One Off the Slack: Are Large State Classes Performant?

Aaron Waller asked:

Does holding the screen state in large data classes negatively affecting the performance?

Aaron then points to a Stack Overflow question, where the asker worried about whether having a single view-state class with lots of properties might be worse than having several smaller ones. Basically, it boils down to whether recompositions will be more frequent or more expensive if the compositions react to changes in larger state objects.

Google’s Leland Richardson weighed in, with an answer of “its complicated”:

there’s sort of a tradeoff here, so unfortunately there’s no “do this, don’t do this” sort of answer.

On one side of the scale, where the size of the data class gets very very large, the answer is this may not be optimal if you’re just changing one property at a time. If the entire data class instance is being passed around through many composable scopes then this means they will all become invalid, since the data class instance is not equal to its prior value. on the other hand, if you’re just passing individual properties down to other scopes, then it may be fine, considering those values will have remained unchanged.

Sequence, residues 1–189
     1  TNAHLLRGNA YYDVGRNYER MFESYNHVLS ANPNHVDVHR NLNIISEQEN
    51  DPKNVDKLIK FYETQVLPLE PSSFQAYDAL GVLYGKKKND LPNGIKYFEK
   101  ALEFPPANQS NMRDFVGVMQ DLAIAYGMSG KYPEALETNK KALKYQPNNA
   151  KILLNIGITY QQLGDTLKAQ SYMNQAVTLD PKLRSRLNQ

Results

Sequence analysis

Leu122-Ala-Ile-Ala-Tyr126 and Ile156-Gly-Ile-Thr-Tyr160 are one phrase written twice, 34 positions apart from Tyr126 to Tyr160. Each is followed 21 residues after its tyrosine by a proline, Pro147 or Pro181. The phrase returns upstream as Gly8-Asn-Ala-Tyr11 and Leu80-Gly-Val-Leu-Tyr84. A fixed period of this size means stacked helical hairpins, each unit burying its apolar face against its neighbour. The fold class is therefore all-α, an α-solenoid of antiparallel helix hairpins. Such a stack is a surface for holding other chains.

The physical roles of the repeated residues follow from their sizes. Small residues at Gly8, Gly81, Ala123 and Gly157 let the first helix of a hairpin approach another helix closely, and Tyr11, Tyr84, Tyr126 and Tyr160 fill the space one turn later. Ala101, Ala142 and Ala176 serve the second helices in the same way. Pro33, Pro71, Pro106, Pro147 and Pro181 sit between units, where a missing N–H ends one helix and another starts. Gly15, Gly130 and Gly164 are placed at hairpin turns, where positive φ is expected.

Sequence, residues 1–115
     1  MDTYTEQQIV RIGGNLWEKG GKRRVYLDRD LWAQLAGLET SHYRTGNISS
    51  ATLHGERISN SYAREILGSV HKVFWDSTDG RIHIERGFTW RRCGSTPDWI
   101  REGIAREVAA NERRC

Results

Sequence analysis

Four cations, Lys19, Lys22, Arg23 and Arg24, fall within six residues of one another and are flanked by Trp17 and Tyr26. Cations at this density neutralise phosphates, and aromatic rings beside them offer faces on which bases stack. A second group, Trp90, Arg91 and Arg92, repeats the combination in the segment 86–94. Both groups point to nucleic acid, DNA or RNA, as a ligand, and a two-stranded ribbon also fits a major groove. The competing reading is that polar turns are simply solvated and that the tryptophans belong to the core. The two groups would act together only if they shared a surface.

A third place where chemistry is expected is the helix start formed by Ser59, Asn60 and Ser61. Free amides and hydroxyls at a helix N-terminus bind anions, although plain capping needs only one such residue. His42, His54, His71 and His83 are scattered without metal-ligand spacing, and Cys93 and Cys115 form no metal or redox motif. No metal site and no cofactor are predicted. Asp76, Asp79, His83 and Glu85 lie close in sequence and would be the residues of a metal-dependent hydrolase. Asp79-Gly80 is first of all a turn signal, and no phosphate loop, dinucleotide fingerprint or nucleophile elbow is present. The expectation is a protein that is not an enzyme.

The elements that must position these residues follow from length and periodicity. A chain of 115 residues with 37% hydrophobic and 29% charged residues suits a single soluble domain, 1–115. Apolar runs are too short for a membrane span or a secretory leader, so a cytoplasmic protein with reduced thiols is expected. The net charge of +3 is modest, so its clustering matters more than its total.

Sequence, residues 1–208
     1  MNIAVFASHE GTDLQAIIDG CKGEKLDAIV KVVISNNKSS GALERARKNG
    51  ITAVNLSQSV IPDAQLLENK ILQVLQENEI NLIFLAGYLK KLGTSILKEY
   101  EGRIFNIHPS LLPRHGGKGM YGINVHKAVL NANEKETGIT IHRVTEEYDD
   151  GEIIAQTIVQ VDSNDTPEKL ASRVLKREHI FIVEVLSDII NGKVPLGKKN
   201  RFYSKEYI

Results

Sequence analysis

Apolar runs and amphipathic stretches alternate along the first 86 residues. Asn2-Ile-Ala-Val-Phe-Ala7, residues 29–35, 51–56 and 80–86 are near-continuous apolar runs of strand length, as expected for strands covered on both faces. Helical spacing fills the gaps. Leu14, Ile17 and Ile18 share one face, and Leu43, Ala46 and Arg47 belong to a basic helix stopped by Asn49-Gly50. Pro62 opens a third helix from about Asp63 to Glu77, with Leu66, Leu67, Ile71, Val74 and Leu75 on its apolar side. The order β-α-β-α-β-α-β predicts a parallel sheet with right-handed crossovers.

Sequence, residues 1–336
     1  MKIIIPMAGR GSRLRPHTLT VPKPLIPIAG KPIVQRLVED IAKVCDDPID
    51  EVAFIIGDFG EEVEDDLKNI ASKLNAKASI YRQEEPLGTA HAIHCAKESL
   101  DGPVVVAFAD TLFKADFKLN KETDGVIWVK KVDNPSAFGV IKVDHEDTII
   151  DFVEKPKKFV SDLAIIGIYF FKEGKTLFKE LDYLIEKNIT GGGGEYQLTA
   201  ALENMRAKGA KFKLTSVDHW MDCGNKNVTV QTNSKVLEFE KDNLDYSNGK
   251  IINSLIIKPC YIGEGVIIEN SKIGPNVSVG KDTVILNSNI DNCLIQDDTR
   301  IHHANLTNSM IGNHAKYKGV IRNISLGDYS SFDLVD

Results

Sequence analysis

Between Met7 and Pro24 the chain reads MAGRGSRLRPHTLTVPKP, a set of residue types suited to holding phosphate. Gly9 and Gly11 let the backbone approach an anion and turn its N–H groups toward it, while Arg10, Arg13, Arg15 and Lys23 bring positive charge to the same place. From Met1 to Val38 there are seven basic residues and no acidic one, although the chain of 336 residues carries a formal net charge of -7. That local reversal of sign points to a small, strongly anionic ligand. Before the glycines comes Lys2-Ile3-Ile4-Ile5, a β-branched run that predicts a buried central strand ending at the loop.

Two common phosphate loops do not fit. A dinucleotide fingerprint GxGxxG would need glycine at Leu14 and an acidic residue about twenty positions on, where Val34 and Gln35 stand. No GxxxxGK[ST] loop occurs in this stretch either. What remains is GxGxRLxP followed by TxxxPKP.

on the other side of the scale, you can imagine a very large number of mutable state objects, one for each tiny little piece of state in your app. On the one hand, this has nice properties in that when a small piece of that data is mutated, compose invalidates only in the scopes where each small little piece is used.

on the other hand, mutable state objects have some overhead, so you’ve added that overhead for every tiny piece of state

in general i am a fan of using immutable (all val) data classes to hold on to small-ish groups/collections of state that are semantically grouped together. so in other words, somewhere in the middle of that spectrum

finally, there may be some situations where state might be semantically coupled but it is beneficial to isolate one piecce of state into a mutable state object because it is being updated very rapidly and you want to minimize the scope of recomposition as much as possible. a value getting animated continuously is a good example of such a thing

IOW, focus less on the actual size of the state object and more on how much of the object’s content changes on a per-change basis, and how frequent those changes are.

Read the original thread in the kotlinlang Slack workspace. Not a member? Join that Slack workspace here!